Combining multiple sleep duration strategies

❌ DON'T

Mix increasing values with constant ones:

var retry = new ResiliencePipelineBuilder()
    .AddRetry(new()
    {
        DelayGenerator = args =>
        {
            var delay = args.AttemptNumber switch
            {
                <= 5 => TimeSpan.FromSeconds(Math.Pow(2, args.AttemptNumber)),
                _ => TimeSpan.FromMinutes(3)
            };
            return new ValueTask<TimeSpan?>(delay);
        }
    })
    .Build();

Reasoning:

Using this approach essentially turns the logic into a state machine. Although this offers a concise way to express sleep durations, it has several disadvantages:

  • It doesn't support reusability (for instance, you can't use only the quick retries).
  • The sleep duration logic is closely tied to the AttemptNumber.
  • Testing becomes more challenging.

✅ DO

Use two distinct retry strategy options and combine them:

var slowRetries = new RetryStrategyOptions
{
    MaxRetryAttempts = 5,
    Delay = TimeSpan.FromMinutes(3),
    BackoffType = DelayBackoffType.Constant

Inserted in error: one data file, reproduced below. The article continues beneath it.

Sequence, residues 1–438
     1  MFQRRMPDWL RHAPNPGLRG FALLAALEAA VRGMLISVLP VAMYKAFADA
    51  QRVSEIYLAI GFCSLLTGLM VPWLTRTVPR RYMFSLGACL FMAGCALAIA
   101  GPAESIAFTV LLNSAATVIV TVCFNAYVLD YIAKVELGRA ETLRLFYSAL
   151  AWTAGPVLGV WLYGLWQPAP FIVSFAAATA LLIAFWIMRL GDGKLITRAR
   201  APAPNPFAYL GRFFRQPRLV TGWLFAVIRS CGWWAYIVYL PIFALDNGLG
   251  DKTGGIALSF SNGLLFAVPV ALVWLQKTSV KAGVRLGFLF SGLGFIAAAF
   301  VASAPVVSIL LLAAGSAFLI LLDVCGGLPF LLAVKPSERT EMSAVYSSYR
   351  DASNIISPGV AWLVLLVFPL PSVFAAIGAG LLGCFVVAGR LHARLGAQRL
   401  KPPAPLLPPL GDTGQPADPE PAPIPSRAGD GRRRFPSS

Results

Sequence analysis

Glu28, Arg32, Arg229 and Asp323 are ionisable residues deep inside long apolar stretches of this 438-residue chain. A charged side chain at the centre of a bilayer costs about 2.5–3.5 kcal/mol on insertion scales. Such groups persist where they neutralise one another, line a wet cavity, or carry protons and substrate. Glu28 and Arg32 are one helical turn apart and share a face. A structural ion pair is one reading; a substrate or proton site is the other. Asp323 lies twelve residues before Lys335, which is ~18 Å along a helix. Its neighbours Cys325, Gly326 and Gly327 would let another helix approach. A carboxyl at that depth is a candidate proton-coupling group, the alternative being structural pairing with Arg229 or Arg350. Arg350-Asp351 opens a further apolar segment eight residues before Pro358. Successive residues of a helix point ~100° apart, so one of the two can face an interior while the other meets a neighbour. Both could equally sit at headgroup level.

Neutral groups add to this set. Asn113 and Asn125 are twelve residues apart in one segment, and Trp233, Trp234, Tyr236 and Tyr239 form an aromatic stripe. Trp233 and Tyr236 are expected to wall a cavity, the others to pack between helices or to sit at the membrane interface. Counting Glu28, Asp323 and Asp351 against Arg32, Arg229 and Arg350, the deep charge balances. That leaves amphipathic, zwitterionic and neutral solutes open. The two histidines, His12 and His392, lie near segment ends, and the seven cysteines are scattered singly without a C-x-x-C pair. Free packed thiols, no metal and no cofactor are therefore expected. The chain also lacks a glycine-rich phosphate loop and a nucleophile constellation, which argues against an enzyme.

};

var quickRetries = new RetryStrategyOptions
{
    MaxRetryAttempts = 5,
    Delay = TimeSpan.FromSeconds(1),
    UseJitter = true,
    BackoffType = DelayBackoffType.Exponential
};

var retry = new ResiliencePipelineBuilder()
    .AddRetry(slowRetries)
    .AddRetry(quickRetries)
    .Build();

Reasoning:

  • While this method may appear more verbose than the first, it offers greater flexibility.
  • Retry strategies can be arranged in any order (either slower first and then quicker, or the other way around).
  • Different triggers can be defined for the retry strategies, allowing for switches between them based on exceptions or results. The order isn't fixed, so quick and slow retries can alternate.